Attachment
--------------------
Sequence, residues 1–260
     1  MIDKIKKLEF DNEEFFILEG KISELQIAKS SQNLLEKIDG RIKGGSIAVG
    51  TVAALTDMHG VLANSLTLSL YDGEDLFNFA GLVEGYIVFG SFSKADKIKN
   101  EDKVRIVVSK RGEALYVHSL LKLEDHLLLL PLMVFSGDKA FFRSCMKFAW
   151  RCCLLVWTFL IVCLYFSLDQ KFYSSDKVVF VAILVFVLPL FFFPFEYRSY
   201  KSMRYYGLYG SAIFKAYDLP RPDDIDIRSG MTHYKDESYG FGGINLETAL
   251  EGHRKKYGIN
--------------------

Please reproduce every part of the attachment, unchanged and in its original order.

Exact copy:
Sequence, residues 1–260
     1  MIDKIKKLEF DNEEFFILEG KISELQIAKS SQNLLEKIDG RIKGGSIAVG
    51  TVAALTDMHG VLANSLTLSL YDGEDLFNFA GLVEGYIVFG SFSKADKIKN
   101  EDKVRIVVSK RGEALYVHSL LKLEDHLLLL PLMVFSGDKA FFRSCMKFAW
   151  RCCLLVWTFL IVCLYFSLDQ KFYSSDKVVF VAILVFVLPL FFFPFEYRSY
   201  KSMRYYGLYG SAIFKAYDLP RPDDIDIRSG MTHYKDESYG FGGINLETAL
   251  EGHRKKYGIN